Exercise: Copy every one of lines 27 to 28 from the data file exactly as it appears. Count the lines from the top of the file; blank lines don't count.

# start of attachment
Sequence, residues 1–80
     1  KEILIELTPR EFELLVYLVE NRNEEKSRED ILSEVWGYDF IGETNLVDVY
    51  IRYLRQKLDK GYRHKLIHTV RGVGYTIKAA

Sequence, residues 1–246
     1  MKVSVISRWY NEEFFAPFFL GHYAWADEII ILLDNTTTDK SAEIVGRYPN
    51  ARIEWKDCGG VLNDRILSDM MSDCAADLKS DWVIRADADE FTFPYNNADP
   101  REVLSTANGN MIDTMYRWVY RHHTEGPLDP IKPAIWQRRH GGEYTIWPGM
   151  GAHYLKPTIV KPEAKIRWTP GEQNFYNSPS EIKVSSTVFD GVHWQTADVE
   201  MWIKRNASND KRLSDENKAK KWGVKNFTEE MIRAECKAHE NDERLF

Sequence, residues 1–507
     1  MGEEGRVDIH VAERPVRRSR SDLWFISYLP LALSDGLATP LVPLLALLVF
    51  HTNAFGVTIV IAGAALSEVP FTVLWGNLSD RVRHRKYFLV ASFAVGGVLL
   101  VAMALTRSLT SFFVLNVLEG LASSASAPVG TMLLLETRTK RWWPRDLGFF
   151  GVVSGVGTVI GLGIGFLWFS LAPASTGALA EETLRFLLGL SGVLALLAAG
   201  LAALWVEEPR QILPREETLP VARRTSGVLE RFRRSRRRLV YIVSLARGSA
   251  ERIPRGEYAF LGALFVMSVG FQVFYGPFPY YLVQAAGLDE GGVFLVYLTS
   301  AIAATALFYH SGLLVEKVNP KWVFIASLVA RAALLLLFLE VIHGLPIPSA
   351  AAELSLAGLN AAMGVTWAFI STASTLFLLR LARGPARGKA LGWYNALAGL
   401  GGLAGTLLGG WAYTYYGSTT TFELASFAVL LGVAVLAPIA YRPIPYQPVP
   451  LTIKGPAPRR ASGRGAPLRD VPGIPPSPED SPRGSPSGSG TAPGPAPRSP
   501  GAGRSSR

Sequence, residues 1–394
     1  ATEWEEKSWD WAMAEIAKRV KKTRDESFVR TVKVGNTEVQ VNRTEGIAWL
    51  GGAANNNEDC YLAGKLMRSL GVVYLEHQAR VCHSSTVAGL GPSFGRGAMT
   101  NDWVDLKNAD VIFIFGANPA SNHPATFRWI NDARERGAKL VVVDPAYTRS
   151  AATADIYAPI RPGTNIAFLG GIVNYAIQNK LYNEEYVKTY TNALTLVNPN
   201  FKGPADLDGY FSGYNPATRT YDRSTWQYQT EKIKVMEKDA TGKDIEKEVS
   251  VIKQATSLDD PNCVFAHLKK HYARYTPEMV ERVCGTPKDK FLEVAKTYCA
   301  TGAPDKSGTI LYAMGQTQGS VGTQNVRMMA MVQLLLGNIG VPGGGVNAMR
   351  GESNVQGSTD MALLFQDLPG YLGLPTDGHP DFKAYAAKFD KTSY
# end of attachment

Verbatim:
   201  FKGPADLDGY FSGYNPATRT YDRSTWQYQT EKIKVMEKDA TGKDIEKEVS
   251  VIKQATSLDD PNCVFAHLKK HYARYTPEMV ERVCGTPKDK FLEVAKTYCA